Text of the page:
How Cancer Saved My Life

How Cancer Saved My Life


Dr. Michael Garko, Ph.D.

Nationally Syndicated Host-Producer of Let’s Talk Nutrition  


Suggested Citation: Garko, M. G. (2017, January).  How cancer saved my life. Health and Wellness Monthly. Retrieved (insert month, day, year), from


On October 5, 2016, at approximately 5:00 p.m. my life changed dramatically. That was the moment when I was diagnosed with cancer.

Although it is a bit extended, I encourage you to read the narrative below in full because each and every person in the general population, including you, is a potential candidate to become infected with HPV (human papillomavirus).

Becoming informed is a first and important step in preventing disease. Within the context of my challenge with cancer, the narrative is intended to educate from a medical perspective what HPV is, the risk factors associated with it, its means of transmission, treatment options, among other important information about the virus. Again, please take a moment to read the entire narrative in that it could help you prevent from becoming infected with HPV.


Diagnosis – A Twist of Fate

I have been diagnosed with metastatic, moderately differentiated squamous cell carcinoma or put another way squamous cell carcinoma of the cervical lymph nodes. Human papilloma virus 16 (HPV16) is the cause of the cancer. Dr. Matthew Fink, my oncologist, wanted to move carefully but swiftly in making his diagnosis. Hence, the diagnosis and cause of the cancer was determined within 30 days using blood tests, a PET scan and three episodes of being under general anesthesia for biopsies. All the while, I continued to do produce and host Let’s Talk Nutrition five days a week and kept my cancer diagnosis private until three weeks ago, when I informed several people here at the station and the audience of Let’s Talk Nutrition.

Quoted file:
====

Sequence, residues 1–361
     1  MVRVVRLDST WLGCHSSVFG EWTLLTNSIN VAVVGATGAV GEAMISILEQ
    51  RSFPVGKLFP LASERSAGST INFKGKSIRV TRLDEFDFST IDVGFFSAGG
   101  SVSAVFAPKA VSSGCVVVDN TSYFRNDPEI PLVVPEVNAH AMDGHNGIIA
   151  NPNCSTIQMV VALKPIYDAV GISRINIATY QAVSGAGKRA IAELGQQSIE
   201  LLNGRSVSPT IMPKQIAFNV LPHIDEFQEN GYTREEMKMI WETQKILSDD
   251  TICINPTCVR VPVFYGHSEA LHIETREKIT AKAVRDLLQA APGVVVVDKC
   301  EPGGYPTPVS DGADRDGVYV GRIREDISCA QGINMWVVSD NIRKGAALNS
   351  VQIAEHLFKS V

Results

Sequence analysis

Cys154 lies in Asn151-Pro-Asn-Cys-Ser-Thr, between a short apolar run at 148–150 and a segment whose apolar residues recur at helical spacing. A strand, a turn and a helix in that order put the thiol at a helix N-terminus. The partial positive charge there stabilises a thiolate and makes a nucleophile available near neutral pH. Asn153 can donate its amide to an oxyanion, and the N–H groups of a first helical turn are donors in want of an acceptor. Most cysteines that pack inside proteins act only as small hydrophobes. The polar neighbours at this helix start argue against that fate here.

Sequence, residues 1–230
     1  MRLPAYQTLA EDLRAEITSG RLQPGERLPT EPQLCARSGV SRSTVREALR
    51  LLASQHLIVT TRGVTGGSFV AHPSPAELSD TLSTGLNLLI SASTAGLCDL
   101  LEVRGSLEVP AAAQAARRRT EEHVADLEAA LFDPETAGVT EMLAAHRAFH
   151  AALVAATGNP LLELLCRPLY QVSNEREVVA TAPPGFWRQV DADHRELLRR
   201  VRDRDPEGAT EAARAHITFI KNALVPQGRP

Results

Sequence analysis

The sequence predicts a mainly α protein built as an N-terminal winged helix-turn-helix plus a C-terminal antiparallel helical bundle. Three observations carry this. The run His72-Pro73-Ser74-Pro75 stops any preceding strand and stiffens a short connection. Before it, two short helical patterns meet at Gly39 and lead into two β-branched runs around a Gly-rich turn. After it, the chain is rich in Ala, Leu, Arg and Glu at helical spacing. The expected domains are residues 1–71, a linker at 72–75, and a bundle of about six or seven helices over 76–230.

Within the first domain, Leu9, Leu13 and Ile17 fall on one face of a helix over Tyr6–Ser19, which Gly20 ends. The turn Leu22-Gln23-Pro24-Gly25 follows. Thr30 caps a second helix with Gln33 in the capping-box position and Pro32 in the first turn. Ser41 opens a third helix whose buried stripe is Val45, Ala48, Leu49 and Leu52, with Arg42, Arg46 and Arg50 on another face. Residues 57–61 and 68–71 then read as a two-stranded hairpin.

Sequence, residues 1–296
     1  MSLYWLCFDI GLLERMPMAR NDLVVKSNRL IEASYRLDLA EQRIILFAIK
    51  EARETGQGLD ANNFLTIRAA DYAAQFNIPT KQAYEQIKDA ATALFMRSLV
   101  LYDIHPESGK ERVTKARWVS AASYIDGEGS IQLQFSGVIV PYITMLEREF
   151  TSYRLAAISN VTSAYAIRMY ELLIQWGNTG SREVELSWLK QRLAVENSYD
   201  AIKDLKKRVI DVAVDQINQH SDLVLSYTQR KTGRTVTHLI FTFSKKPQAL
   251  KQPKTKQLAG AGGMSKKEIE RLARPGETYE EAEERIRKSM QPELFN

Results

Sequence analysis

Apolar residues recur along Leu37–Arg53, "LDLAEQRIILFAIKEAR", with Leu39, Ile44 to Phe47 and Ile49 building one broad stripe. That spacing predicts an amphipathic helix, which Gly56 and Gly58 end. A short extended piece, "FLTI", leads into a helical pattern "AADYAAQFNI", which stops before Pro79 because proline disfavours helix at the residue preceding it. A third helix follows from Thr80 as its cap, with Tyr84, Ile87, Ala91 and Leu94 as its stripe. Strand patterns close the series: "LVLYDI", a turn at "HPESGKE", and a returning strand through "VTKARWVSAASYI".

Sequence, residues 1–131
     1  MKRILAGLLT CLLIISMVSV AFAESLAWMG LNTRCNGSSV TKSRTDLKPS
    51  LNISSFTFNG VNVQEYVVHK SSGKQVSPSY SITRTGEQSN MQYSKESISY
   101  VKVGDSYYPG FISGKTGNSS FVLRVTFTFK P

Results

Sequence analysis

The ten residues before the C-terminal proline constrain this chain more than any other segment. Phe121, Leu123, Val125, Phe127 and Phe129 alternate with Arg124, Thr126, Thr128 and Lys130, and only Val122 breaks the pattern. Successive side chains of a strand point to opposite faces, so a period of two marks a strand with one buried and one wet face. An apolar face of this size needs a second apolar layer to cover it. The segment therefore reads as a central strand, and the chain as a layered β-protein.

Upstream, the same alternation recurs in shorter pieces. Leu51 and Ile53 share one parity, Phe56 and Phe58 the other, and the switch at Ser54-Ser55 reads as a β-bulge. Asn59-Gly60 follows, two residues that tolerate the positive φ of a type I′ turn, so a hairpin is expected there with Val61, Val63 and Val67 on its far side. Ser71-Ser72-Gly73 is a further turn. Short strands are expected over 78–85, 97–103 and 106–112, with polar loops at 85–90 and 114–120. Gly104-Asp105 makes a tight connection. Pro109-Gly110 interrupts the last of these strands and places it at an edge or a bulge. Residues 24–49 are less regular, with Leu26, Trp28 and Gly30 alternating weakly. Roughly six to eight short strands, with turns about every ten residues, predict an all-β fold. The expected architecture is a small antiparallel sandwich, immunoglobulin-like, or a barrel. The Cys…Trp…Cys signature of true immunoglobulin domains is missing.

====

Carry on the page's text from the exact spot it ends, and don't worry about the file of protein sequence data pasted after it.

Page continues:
Doctors Matthew Fink, Harvey Greenberg and Jonathan Forman (my team of doctors) are of the medical opinion that I most likely got infected with HPV16 decades ago (maybe even in childhood or high school) and the virus went latent in oropharengyl area of my throat, most likely the tonsil area.

Oropharyngeal cancer is a disease in which malignant cells form in the tissue of oropharynx, which is the middle part of the throat that includes the base of the tongue, the tonsils, the soft palate, and the walls of the pharynx.

In terms of risk factors, it is popular to talk about HPV being the most common sexually transmitted infection (STI). A person can get HPV through vaginal, anal, or oral sex with someone who is infected with the virus. Further, HPV can be transmitted even when an infected person has no signs or symptoms.

The actor, Michael Douglas, brought attention to HPV when he contracted the same cancer I have. Unfortunately, in trying to educate people, he announced on the Guardian website that he became infected with HPV16 by performing cunnilingus on his wife, all of which led to a considerable amount of misunderstanding about the virus. As it turns out, HPV16 can be transmitted from open mouth kissing or exchange of saliva by drinking from an infected person’s glass or simply an infected mother kissing her baby.

Here are some key facts about HPV as reported by World Health Organization

  • Human papillomavirus (HPV) is a group of viruses that are common worldwide.
  • There are more than 100 types of HPV, of which at least 13 are cancer-causing (also known as high risk type).
  • HPV is mainly transmitted through sexual contact and most people are infected with HPV shortly after the onset of sexual activity.
  • Cervical cancer is caused by sexually acquired infection with certain types of HPV.
  • Two HPV types (16 and 18) cause 70% of cervical cancers and precancerous cervical lesions.
  • There is also evidence linking HPV with cancers of the anus, vulva, vagina and penis.
  • Cervical cancer is the second most common cancer in women living in less developed regions with an estimated 445 000 new cases in 2012 (84% of the new cases worldwide).
  • In 2012, approximately 270 000 women died from cervical cancer; more than 85% of these deaths occurring in low- and middle-income countries.
  • Vaccines against HPV 16 and 18 have been approved for use in many countries


It is important to know that oropharyngeal cancer is uncommon and typically involves patients in the fifth through seventh decades of life, with men being afflicted three to five times more often than women. In terms of oropharyngeal squamous cell carcinoma (SCC) significant risk factors for the development of oropharyngeal cancer include a smoking history of more than 10 pack years, being infected with the human papillomavirus (HPV), especially HPV type16 (also known as HPV-16) and similar to other cancers of the head and neck, using tobacco use and drinking alcohol heavily. Incidentally, I neither smoke nor drink heavily and have not done so throughout my life.